Another common attitude expressed by travel nurses is that contract work allows them to focus on patient care. They can avoid the bureaucracy of dealing with management and leadership that some face in staff roles. Travelers also choose which hospitals they will work in. They can refuse facilities that they’ve heard have dangerous conditions or too many patients per nurse. California is the only state to regulate nurse-to-patient ratios. It requires one nurse for every five patients in most departments and intensive care units to have a 1:2 ratio.

Travel nursing is perfect for those who want the freedom to choose the assignment and department that fits their lifestyle and interests. It allows nurses to obtain experience in a variety of settings while having the freedom to travel. Despite the current economic downturn, travel nursing remains a feasible employment option for healthcare workers with the right mindset and skills.

Internal Traveler Programs

An attractive option for nurses who enjoy traveling is internal travel nurse programs. These are contract positions offered by health systems that allow nurses to travel on a short-term basis to associated hospitals. The pay is often higher, but in some cases, benefits may be limited.

“These positions are enticing for anyone interested in a higher base pay, while foregoing many traditional health and wellness benefits — perhaps nurses who are still eligible for health insurance under their parents or guardians, or those who already have coverage through a spouse’s employer,” said Denise Neely, BSN, Senior Vice President and COO for Bronson Methodist Hospital and Chief Nursing Officer for Bronson Healthcare.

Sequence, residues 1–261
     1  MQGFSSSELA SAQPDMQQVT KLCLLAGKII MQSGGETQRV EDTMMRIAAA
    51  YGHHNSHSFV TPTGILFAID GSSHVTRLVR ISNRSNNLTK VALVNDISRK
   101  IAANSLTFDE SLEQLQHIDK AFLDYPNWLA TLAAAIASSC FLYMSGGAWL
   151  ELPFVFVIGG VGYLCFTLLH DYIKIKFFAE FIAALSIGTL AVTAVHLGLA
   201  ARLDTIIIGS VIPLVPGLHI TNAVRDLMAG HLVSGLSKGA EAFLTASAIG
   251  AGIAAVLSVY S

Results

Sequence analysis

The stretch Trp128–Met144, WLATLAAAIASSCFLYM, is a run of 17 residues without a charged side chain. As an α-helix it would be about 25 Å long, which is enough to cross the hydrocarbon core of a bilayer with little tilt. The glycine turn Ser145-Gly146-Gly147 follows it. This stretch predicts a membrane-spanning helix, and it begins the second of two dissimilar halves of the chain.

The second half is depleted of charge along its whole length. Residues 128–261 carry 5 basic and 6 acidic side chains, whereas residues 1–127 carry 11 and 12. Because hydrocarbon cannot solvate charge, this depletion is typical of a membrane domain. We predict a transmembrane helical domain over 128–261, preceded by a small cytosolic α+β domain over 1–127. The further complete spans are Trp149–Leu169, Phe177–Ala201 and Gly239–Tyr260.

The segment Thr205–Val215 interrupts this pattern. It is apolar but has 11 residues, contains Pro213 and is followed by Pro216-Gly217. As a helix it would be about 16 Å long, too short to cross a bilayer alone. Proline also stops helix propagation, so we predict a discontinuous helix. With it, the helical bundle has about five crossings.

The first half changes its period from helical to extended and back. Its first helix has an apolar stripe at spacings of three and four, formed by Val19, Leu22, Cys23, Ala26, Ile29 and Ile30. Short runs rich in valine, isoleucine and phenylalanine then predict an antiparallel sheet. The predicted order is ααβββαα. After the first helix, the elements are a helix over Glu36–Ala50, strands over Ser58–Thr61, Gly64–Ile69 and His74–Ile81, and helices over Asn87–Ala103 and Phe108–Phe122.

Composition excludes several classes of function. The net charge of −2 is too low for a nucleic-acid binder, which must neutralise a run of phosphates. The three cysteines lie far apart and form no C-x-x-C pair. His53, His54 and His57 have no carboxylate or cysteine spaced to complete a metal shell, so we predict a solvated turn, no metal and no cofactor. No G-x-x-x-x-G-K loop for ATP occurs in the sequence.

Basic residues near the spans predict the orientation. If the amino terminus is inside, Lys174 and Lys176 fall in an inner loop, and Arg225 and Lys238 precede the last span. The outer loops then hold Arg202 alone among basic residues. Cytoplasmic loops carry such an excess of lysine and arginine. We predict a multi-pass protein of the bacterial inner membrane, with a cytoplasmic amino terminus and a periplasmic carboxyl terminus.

Source: Facebook Travel Nurse Community

Other facilities offering similar internal travel programs include:

These arrangements also relieve some of the pain points that travel nurses have, such as having to learn new policies and procedures, having to repeat new hire and HR orientation, and worrying that the hospital may cancel the contract.

What Does the Future Have In Store for Travel Nursing?

Industry analysis suggests that the US may face a shortage of up to 450,000 registered nurses by 2025. According to one nationwide assessment of the nursing workforce, nurses are retiring in greater numbers, with the typical nurse’s age rising from roughly 43 in 2000 to 52 in 2020. This reality, combined with the impending influx of elderly Baby Boomers who will require more care, is expected to exacerbate the situation. These facts suggest that there will always be choices for experienced nurses in all specialties who want to travel.

Technological advancements and virtual care will continue to have an impact on the ever-changing world of travel nursing. And while some features of travel nursing may evolve, traditional short-term assignments will remain a popular option to meet facility needs. Overall, travel nursing is very much alive and an attractive career choice for nurses with a promising outlook for the future.